Question: What is numerical symbolism?

    Answer: Numerical symbolism involves figurative suggestions springing from the use of numbers. For instance, the number seven is referred to in one way or another in nearly 600 verses in the Bible. It is obvious there is often symbolic association with the number seven (Luke 17: 3, 4, completeness).

    The symbolic use of multiples. In addition to the use of the number seven, you also encounter multiples of seven (Matt. 18: 22). Many scholars attach significance to 14 (twice seven), 49, 70, and 77 (Ex. 12: 6, Gal. 2: 1; Lev. 23: 15 ff.; 2 Kings 10: 1; Gen. 4: 24).

    The number three. Some see symbolic use involving the numbers three, four, ten, and twelve (Gen. 6: 10, Ps. 55: 17; Jere. 49: 36, Matt. 13: 19-23; Ex. 20: 2-17, Matt. 25: 1; Ex. 24: 4, 28: 21, Rev. 7: 5). Let us briefly consider the number three and associated truths. There are three in the Godhead, the Father, Son, and the Holy Spirit (2 Cor. 13: 14). Man consists of body, soul, and spirit (1 Thes. 5: 23). There are three avenues of temptations, the lust of the flesh, eyes, and the pride of life (1 John 2: 16). Christ is presented as Prophet, Priest, and King (Acts 3: 22, 23; Heb. 4: 14; 1 Tim. 6: 15, 16). There are three abiding principles, faith, hope, and love (1 Cor. 13: 13). The reward of the faithful is glory, honor, and immortality (Rom. 2: 6, 7).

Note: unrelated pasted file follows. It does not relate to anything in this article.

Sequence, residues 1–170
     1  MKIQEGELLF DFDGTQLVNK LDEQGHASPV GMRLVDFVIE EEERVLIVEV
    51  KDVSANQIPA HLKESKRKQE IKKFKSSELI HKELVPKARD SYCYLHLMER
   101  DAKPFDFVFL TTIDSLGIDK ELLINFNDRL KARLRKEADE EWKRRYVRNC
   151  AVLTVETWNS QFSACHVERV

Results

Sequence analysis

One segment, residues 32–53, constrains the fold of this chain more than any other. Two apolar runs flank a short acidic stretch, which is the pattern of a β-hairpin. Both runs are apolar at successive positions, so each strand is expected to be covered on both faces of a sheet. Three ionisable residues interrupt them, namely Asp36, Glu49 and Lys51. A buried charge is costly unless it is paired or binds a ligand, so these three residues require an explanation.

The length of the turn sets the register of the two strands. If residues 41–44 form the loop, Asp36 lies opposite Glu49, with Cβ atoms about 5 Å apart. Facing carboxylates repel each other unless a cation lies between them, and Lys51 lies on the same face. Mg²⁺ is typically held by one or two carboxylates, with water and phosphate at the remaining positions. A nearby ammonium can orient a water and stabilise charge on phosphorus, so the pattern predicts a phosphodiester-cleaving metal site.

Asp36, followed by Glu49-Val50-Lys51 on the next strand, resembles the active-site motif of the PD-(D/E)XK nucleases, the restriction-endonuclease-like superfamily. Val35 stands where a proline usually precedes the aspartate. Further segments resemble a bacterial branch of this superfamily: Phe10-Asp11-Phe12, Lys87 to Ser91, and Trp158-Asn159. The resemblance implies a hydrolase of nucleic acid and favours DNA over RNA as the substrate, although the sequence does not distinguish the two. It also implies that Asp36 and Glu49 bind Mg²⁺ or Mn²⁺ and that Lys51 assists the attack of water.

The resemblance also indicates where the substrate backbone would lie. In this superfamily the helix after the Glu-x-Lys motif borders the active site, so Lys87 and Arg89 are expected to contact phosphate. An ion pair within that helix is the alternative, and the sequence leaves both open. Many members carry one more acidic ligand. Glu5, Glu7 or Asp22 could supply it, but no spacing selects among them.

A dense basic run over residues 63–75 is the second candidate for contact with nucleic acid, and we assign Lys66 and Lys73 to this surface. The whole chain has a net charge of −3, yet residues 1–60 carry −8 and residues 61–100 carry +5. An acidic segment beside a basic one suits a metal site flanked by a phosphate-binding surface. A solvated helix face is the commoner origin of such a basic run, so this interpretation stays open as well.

There is, however, attendant danger in becoming too involved with such a use of numbers. We must never read more into the use of a number than is intended ("secret codes"), make a perceived understanding of a number contradict plain teaching, or seek to create some formula involving the biblical use of these numbers to attempt to foretell the future or engage in exercises of chance, such as gambling. As a rule, the figurative message (when intended) is that of entirety.

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